top of page

How Eating Plant-Based Can Not Only Help Your Personal Health, But Also Your Financial Health

One of the biggest misconceptions is that eating healthy costs a lot of money. While this is simply untrue, I can see how this misconception came about. Looking at the Standard American Diet (S.A.D.), which has a mix of plant foods, poor quality animal foods, and cheap, processed foods, it is overall not very costly. When people make the switch from the Standard American Diet to a diet with a mix of plant foods, animal foods of higher quality (organic/grass-fed/pasture-raised), and higher quality process foods (gluten-free breads, organic crackers/chips, high quality oils, etc.), the cost of food can sometimes nearly double or triple from the S.A.D.. While making that switch is definitely a step in the right direction towards better health, it can ultimately hurt your financial health, and thus, the misconception that "eating healthy costs more" forms.

Now when someone makes the switch from the S.A.D. to a diet with a heavy emphasis on plant foods, and little to no animal foods and processed foods, the costs can remain the same as the S.A.D. or even be cheaper! The best part about making that switch is that it is SO great for your health as well. While limiting or removing animal foods from your diet may pose the question of "where would I then get my protein from?", you should know that you can actually get plenty of protein from plant foods, such as, beans, lentils, whole grains, seeds, leafy greens and even vegetables. Not only will these plant sources of protein be better for the environment (and the animals themselves), they will also be better for your wallet! Beans, lentils, whole grains and other plant foods cost so little and can be found in nearly every grocery store. Below is a list of foods that are very cheap, yet are amazing for your health:








Brown Rice









... the list could go on and on! Essentially, all plant foods boast amazing health benefits at a very low cost.

To add on, the debate about organic vs. not-organic could impact how much you spend on food as well. My rule of thumb is that if you eat the outside/skin of a plant (apple, berries, broccoli, etc) you should try to buy organic, and if you don't eat the skin (melons, avocado, oranges, etc), organic isn't necessary. You can also refer to the Environmental Working Group's clean fifteen and dirty dozen list below. You'll want to always buy the foods on the dirty dozen list organic since those are the foods that tend to be treated with the most pesticides, where as, the clean fifteen list are good to buy non-organic.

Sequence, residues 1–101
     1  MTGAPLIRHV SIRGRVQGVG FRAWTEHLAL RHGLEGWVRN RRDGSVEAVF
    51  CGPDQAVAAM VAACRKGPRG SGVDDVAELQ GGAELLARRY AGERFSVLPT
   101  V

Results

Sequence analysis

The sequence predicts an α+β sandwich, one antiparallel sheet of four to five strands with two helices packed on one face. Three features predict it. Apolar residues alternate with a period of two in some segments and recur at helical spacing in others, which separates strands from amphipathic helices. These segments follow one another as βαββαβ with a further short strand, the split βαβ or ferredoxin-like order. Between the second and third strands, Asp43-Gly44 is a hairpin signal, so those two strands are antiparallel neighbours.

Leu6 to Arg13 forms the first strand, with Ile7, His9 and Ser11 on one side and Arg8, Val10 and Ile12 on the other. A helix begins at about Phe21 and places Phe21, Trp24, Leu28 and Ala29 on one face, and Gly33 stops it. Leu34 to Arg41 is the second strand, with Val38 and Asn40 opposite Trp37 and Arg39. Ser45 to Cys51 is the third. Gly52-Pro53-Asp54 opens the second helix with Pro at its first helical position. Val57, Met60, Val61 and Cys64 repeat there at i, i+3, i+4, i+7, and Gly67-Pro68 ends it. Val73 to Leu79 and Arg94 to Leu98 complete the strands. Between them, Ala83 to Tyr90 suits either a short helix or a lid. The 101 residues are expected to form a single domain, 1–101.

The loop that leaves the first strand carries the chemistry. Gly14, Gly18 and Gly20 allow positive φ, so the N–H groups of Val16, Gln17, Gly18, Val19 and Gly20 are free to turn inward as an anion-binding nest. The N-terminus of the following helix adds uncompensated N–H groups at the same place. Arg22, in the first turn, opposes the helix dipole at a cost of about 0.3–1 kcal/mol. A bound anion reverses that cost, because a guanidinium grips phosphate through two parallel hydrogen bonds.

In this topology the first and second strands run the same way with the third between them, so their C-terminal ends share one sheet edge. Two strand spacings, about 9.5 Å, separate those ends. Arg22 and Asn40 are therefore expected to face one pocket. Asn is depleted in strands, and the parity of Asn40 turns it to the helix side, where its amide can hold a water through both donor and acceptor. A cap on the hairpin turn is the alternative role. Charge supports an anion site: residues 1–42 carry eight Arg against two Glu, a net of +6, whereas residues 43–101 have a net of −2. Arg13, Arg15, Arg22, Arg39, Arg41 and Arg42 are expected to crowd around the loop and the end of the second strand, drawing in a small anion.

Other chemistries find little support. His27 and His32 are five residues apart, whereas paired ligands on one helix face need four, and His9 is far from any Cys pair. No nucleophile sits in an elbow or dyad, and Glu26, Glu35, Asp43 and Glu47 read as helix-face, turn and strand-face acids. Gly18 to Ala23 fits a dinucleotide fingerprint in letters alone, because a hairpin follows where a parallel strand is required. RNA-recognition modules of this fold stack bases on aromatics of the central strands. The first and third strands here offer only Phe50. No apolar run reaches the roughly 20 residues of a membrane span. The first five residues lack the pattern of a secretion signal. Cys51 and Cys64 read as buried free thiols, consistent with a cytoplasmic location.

* One thing to note about the clean fifteen list - even though sweet corn is on this list, it remains one of the most heavily genetically modified (GMO) foods in the U.S., which poses a host of other threats to our health. With that said, it's best to buy corn organic.

In addition, buying organic produce when it's in season will be less costly, compared to buying organic produce when it's not in season - for example, you'll pay a hefty price when buying berries in the winter when they're not in season. If you really want to buy organic produce when it is not in season, your cheapest option is to buy them frozen. Frozen organic berries and other organic plant foods will almost always cost less than buying those foods fresh and not in season.

Another topic around eating healthier, while trying to save money, is the concept of dining out. Yes, dining out can be pretty expensive, especially if booze and multiple courses are involved. While cooking in will always save you money in the end, there is one thing to note about eating plant-based while dining out. If you haven't already noticed while dining out, the cheapest items on the menu are usually the ones without animal products! Now I know eating out can sometimes be tricky while trying to eat plant-based, but my tip for ordering out when there really isn't a plant-based main dish, is to look at what side dishes are offered. You can usually make a main dish with the sides that are offered - for example, sauteed spinach, steamed broccoli, rice and potatoes are usually offered.

Lastly, to show you an example of a days worth of plant-based eating that is very low cost and filling, I put together a sample menu for you to reference below.

Breakfast: Oatmeal cooked with water, topped with a sliced banana and a pinch of cinnamon

Snack: A sliced apple or orange

Lunch: Burrito bowl made with brown rice, black beans, sautéed onions & green peppers, chopped tomato, and shredded lettuce

Snack: Celery stick topped with peanut butter and raisins

Dinner: Curry made with cauliflower, peas and potatoes

To sum up, eating healthier does not have to hurt your financial health! As I explained above, including more whole, plant-based foods in your diet can not only help your health, but also your wallet. It is my hope that everyone can get access to this information, because I know there are so many people out there that believe the Standard American Diet is the only way of eating they can afford - and unfortunately, it's a diet that you really can't afford, health & financial wise, to stick with in the long term.


Recent Posts

See All
bottom of page